Okay this other thing I did was PLAY IN A BAND FOR THE FIRST TIME EVER. We formed a Pixies cover band for the cover band show at Squalor. I guess I’ve been obsessed with karaoke long enough that I may as well sing with a live band? For me, it was another way of pushing myself to do something that intimidates me, and to build my self-confidence. Here is a video of us playing Where Is My Mind:

Alright! Happy winter everyone!

Happy New Year! It’s Time Again For Fun-A-Day!

It’s 2014 and it has been for about ten hours now (where I’m from). I celebrated quietly because I’m way more into cozy times than parties and isn’t that what wintertime is all about anyway? My resolutions this year are to make more room for femmes and sober people in my life (I’m a sober femme y’know!), to improve my French, and to continue building my self-confidence. I wrote a lot about my efforts to build self-confidence in The Triumph Of Our Tired Eyes #3, a lot of it has to do with putting myself out there and doing “embarrassing” things like karaoke, and also learning how to be alone, which I think I’ve gotten really good at. But now I wanna work on it in new ways, like being more honest about my feelings, allowing myself to be vulnerable, going to the gym and getting tough, and also DRAWING. Which may seem so simple, but whatever. I think it’s kinda funny that so much of my life is focused on (reading and creating) perzines, because I think in images more often than words. I’ve never allowed myself to draw very much, because my pages never turn out the way I imagined them and I’m easily discouraged. So I’m giving myself a chance to draw, to find my style, and to share these pages with people. I want to draw more often and have confidence in what I’ve created.

So this is where Fun-A-Day comes in! Fun-A-Day was started nearly a decade ago by Artclash in Philly and has expanded to cities all over the world – that means you can organize your own, too! The premise is simple: pick a project, do it every day in January, then show your work in a big group show. Stay inspired and beat the winter blues! I’m doing a drawing a day. My first one is posted below. In February, we’ll do a group gallery show where people can display their projects and talk about ‘em.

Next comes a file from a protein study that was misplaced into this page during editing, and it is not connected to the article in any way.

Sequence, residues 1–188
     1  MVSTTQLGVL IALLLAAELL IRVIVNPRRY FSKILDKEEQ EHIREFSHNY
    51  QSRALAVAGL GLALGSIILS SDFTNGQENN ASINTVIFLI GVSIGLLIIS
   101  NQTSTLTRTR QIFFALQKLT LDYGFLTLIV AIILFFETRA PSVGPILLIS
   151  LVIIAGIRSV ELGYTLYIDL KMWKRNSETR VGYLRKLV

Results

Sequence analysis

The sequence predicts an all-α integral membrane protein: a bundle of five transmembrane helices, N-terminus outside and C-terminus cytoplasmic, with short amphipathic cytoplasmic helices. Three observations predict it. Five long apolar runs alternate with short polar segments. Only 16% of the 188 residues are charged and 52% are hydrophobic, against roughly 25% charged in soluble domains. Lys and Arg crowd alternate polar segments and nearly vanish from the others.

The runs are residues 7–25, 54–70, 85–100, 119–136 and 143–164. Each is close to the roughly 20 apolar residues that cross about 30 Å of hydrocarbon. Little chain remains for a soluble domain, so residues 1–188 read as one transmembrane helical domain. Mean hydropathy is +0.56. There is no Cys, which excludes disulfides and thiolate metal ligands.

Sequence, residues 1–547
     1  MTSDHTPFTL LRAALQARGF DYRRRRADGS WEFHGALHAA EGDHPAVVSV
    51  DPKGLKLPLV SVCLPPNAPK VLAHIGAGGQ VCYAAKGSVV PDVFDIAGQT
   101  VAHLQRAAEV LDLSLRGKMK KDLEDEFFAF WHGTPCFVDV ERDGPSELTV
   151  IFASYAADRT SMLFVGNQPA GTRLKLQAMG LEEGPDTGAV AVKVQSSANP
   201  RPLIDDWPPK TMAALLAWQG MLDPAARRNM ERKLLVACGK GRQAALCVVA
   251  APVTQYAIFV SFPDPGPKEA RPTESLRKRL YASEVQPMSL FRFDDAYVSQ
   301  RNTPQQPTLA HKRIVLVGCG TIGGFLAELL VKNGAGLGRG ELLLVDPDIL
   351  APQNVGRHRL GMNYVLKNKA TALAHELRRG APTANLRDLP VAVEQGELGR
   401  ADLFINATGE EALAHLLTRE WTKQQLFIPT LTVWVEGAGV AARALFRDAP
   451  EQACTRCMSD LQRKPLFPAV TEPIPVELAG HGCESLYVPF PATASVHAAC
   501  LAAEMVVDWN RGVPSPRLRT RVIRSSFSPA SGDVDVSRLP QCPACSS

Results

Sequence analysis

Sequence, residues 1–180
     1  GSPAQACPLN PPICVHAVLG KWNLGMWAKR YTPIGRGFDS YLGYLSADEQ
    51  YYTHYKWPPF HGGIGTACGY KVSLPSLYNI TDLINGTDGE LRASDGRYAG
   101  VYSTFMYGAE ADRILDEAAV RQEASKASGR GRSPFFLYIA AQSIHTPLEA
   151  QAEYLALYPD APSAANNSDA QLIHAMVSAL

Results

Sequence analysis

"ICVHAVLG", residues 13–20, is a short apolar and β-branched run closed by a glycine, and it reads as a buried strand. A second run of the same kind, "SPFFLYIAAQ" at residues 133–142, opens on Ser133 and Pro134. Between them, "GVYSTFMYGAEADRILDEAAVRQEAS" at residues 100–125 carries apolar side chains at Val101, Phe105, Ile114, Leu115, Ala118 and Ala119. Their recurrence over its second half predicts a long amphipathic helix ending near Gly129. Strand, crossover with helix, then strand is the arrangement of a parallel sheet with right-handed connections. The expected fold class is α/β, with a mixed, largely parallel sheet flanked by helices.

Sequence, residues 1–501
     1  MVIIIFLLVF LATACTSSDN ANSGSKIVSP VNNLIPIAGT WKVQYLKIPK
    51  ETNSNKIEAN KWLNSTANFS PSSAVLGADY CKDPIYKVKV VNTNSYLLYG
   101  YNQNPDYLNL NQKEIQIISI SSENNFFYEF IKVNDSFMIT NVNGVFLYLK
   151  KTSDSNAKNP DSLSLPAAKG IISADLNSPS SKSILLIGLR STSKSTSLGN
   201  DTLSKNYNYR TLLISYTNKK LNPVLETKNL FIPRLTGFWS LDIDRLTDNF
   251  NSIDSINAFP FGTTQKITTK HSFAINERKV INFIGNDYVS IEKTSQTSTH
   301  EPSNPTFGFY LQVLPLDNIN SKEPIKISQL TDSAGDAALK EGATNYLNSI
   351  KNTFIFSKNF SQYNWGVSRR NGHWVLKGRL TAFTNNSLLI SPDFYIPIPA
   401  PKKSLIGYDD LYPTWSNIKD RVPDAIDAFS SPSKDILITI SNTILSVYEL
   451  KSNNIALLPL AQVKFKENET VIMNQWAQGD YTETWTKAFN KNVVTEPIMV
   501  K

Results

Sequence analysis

funaday2014.1

Winter survival strategies are so important to me. It’s too easy to stay curled up in bed to avoid the cold, get up at noon, then the sun goes down at four and suddenly you’ve missed the whole day and you’re in darkness, falling into a depression. I made a goal to be awake for most of the daylight hours of the winter, and so far, so good. The thing that’s been most important to me is my membership at the Y. I joined the gym because I wanted to have some sort of physical activity to make up for a season without my bike, but it turns out that it covers so many winter survival bases – most importantly, happy endorphins! It’s also good for boosting self-confidence, first in challenging myself to go to fitness classes alone (and soon, to learn to use the fancy gym equipment and maybe start lifting weights), and then, getting tough and feeling more and more confident in what my body is capable of. For the record, if you have proof of your low income, you can get up to a 50% discount on a membership at the Y (I’m paying $30.00 a month).

Fun-A-Day of course is a part of my winter survival strategy. That, and keeping myself busy with projects, eating well (by which I mean, I dumpstered eighty bucks worth of sushi the other night), writing, giving myself plans to look forward to (like going to see Godspeed in a couple of weeks!), making tea dates with friends, co-ordinating the winter workshop series at the Ste-Émilie Skillshare, and well, snuggling. I hope wintertime is being good to you too, dear readers. Take care and stay cozy!

Fight Boredom Distro News: There are a bunch of new zines in stock, including Anarchism & Hope; Scoopin’ Times #2; Telegram #31; Birthday Party #1; Psych Girl #1: Stories From A Clinical Psychologist; Sinvergüenza #1-#2; Long Walk Back To Broadway; Imaginary Windows #6; Sour Puss #8-#10; Zine Crush #3; Tongueswell #1; and Finale 95 #2. Also, I booked my table at the Chicago Zine Fest – see you in March!

See You In Toronto!

toanarchistfair

I’ll be tabling at the Toronto Anarchist Fair this weekend – Sunday, December 15th from 10am-7pm. Please come say hello and check out some zines! There are all kindsa rad events going on over the course of the next few days, like workshops and panels and even a bus going to Lindsay to demonstrate against the indefinite detention of migrants; check out the full list on the Facebook event.

After that, I’ll be sticking around Ontario for a bit to visit my family, work on some projects, and relax. The distro will be on hiatus for a few weeks, but I’ll be back late-December. Take care and stay cozy!

It’s A Very Busy Week For Zines In Montréal!

zine party flier

Just a quick reminder to all my local readers – this weekend is going to be so hectic and so wonderful! First thing in the morning, I’ll be hopping onto my bike with an overflowing backpack and basket full of zines and tabling at Expozine (5035 Saint-Dominique, 12-6pm on Saturday and Sunday). Come say hello and check out all the new zines I’ve got in stock! Later in the evening, there’s a zine reading and show at La Époque in Verdun. Tabling again on Sunday, and then off to see Jeff Miller and Aaron Cometbus at Drawn & Quarterly. AND THEN on Tuesday afternoon, I’ll be reading at A Zine Show & Tell Tea Party, hosted by the Sidetracks Screenprinting Team (with whom I’ve been volunteering for three years). See you there!